Bonhoeffer & the Lectionary

I have long believed that a church should read as much scripture as possible out loud, together, during worship. I know this in my mind and heart to be right. However, as a worship leader and pastor I’ve been woefully deficient in bringing this conviction to fruition in our congregation.

I first encountered the practice of the communal reading of scripture from my wife. While we were dating we would often attend Catholic Church together. As a devout evangelical, I was always mystified as to why they would simply read a segment from the Old Testament, Psalms, New Testament and Gospel out loud and then not explain it to anyone. Often none of the readings had that much to do with what the Homily was about, though it was usually connected to the Gospel or one of the New Testament readings. But I was drawn to it anyway. I loved that the Psalm was always a responsive reading. I loved that everyone stood in reverence to the Gospel reading. Making a tiny sign of the cross over forehead, mouth and heart they would say, “Glory to you oh LORD.” Later when I began to learn more about the lectionary and how if you’ll read the lectionary texts in your church each week, you basically read most of the bible out loud every three years, I was hooked on the idea. Sadly, it’s not a part of our practice at my church. But I hope we can get closer to it, anyway.

I’m still reading Life Together, slowly; drinking it in. Here are a few of Bonhoeffer’s thoughts on the lectionary readings:

“There can be equally little doubt that brief verses cannot and should not take the place of reading the Scripture as a whole. The ‘verse for the day’ is still not the Holy Scripture which will remain throughout all time until the last day.” 50

“It will be objected that it is impossible to take in and retain such an abundance of ideas and associations, that it even shows disrespect for God’s Word to read more than one can seriously assimilate. These objections will cause us quite readily to content ourselves again with reading only verses.” 51

“In truth, however, there lurks in this attitude a grave error. If it is really true that it is hard for us, as adult Christians, to comprehend even a chapter of the Old Testament in sequence, then this can only fill us with profound shame; what kind of testimony is that to our knowledge of the Scriptures and all our previous reading of them?” 51

“Because the Scripture is a corpus, a living whole, the so-called lectio continua [our lectionary] or consecutive reading must be adopted for Scripture reading in the family fellowship.” 53

“Consecutive reading of Biblical books forces everyone who wants to hear to put himself, or to allow himself to be found, where God has acted once and for all for the salvation of men. We become a part of what once took place for our salvation. Forgetting and losing ourselves, we, too, pass through the Red Sea, through the desert, across the Jordan into the promised land. With Israel we fall into doubt and unbelief and through punishment and repentance experience again God’s help and faithfulness.” 53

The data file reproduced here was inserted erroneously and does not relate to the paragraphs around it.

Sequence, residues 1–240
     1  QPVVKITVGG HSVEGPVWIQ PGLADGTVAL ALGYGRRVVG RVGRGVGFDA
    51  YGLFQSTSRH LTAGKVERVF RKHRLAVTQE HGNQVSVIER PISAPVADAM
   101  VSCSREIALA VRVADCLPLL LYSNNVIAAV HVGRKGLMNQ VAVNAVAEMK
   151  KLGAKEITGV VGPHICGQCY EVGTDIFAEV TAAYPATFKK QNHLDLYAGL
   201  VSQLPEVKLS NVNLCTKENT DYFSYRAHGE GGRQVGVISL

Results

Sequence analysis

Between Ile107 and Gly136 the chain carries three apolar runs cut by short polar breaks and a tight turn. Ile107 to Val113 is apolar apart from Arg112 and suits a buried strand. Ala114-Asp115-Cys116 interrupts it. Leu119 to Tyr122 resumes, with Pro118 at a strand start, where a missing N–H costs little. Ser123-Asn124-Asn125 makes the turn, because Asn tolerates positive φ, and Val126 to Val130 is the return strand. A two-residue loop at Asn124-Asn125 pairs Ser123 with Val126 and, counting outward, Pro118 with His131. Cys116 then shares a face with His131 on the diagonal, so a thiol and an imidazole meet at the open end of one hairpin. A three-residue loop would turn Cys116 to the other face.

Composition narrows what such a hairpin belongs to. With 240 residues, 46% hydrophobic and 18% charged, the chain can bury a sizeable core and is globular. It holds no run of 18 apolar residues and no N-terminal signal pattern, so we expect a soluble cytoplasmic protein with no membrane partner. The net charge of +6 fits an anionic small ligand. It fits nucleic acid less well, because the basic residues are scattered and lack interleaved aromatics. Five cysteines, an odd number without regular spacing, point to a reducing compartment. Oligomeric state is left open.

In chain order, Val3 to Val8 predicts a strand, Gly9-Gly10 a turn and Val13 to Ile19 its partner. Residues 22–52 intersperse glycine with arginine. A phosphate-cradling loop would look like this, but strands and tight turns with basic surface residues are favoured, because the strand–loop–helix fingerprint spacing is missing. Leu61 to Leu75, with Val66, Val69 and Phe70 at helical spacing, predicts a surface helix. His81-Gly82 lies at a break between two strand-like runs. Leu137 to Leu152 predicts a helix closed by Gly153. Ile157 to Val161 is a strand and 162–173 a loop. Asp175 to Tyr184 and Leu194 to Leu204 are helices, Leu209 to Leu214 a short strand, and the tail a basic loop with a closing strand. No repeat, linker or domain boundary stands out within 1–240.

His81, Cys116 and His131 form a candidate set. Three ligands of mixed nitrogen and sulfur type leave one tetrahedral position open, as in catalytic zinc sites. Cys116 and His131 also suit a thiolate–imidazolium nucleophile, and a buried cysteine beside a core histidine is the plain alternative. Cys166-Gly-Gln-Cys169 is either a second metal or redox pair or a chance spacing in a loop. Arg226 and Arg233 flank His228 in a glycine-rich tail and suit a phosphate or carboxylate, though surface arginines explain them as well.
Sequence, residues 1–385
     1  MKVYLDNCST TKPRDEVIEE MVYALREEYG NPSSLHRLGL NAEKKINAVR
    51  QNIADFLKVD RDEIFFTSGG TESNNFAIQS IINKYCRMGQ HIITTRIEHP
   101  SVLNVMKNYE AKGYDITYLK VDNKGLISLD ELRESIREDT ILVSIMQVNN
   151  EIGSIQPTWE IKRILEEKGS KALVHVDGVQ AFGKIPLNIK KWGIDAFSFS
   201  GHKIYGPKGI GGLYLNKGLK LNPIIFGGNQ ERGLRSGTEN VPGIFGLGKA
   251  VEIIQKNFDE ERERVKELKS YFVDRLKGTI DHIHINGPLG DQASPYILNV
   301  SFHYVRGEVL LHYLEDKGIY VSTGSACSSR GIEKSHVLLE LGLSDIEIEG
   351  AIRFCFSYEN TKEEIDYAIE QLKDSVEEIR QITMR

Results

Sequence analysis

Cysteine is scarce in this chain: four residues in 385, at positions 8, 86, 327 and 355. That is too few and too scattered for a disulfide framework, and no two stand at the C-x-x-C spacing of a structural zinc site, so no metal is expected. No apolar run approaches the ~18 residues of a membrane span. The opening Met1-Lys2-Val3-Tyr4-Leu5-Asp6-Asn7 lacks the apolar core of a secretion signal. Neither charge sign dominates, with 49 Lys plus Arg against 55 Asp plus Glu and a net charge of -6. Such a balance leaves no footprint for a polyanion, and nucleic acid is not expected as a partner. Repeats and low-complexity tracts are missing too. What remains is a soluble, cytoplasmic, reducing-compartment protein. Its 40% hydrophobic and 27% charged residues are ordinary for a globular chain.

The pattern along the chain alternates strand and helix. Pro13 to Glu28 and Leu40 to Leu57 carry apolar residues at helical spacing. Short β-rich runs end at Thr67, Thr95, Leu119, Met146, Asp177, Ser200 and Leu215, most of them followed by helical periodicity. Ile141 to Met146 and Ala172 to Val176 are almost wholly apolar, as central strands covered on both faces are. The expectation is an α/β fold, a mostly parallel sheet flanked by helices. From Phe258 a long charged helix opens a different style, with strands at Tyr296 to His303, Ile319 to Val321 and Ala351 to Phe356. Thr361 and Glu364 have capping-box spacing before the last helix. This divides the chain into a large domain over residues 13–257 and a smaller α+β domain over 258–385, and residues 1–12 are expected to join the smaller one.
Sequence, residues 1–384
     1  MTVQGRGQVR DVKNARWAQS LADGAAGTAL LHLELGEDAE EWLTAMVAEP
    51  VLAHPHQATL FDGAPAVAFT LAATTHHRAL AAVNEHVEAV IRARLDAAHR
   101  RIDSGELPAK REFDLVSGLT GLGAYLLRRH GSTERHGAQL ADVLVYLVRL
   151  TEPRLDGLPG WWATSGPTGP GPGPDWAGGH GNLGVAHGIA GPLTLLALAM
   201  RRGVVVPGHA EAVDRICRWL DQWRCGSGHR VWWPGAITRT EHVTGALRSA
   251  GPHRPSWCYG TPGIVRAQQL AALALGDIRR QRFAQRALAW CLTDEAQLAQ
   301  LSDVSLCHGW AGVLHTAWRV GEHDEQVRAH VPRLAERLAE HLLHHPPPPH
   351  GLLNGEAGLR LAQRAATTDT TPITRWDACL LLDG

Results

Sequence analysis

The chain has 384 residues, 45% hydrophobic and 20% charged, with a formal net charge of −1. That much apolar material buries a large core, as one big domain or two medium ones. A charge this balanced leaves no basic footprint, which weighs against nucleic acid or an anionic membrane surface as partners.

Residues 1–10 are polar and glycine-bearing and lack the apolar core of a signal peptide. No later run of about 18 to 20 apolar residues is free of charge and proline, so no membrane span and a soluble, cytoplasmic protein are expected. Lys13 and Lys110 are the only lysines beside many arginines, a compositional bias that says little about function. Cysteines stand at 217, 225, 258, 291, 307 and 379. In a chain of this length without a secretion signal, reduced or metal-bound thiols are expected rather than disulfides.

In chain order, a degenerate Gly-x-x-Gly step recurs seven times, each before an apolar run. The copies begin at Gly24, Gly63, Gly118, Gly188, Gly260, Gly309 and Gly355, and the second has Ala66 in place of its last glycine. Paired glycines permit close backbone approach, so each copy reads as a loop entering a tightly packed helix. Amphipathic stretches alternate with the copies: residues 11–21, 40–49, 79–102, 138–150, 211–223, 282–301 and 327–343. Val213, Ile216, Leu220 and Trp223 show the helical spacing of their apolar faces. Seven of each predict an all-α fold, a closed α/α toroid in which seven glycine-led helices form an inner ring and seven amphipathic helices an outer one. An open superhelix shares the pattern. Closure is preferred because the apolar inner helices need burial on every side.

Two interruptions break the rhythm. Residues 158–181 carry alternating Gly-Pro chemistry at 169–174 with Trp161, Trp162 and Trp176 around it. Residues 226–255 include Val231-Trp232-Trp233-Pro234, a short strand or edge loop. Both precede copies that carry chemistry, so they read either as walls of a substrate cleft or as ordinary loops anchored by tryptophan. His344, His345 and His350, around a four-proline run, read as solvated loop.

I’m with him.

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  • Hey Tim – I want your opinon on this: how much do you think the extreme conditions of Germany at the time of Bonhoeffer influenced his writing and how much of that do we need to take into consideration when reading him?

    I’ve often wondered this as I “filter” his stuff…

  • I think the extreme conditions are absolutely essential to his work. But one can’t forget that he displayed great erudition even before the tide turned toward national socialism. He was brilliant, he had his doctorate at age 21. I think one thing it is important to realize is that as ardently as Bonhoeffer, and Barth for that matter, protested the Nazi regime, they protested still more the liberal theology which had failed to oppose it. As much as he was disappointed by the turn of National Socialism, I think he was still more brokenhearted by the church’s inability to resist it. Bonhoeffer’s chief issue was with the theology and theologians which rendered the church totally unable to resist the state.

    So to your question, how much should we take into account the extreme conditions in Germany when we read him…I think the extreme conditions merely provided the impetus for he and Barth and others like them to turn their keen intellects toward deconstructing Herrmann, Schleiermacher and liberal theologies. I don’t think we need to alter the way we view Bonhoeffer any more than we might Karl Barth. It’s always good to know who a person is writing “against,” you know they almost always have some opposite point of view in mind which they are trying to oppose. For Bonhoeffer, I think it’s a mistake to say he was writing against the Nazi’s, though that is certainly part of it – mind you I’ve not read very much Bonhoeffer, I’ve read more about him than of him – but I think that’s my take.

    I think Bonhoeffer is actually extremely potent today because of the imperialistic tendencies of our own country. All empires are totalizing and I think that Bonhoeffer was trying to get the church to realize that faith is more than a rational abstraction, but comes to us as a way of living our life, and maybe as a way of dying? If our theology does not produce a church which is capable of martyrdom, then it is not possible to resist any regime which has at its heart and ontology of violence.

    That’s my take

  • Sounds good. Fits his doctrine of Cheap Grace.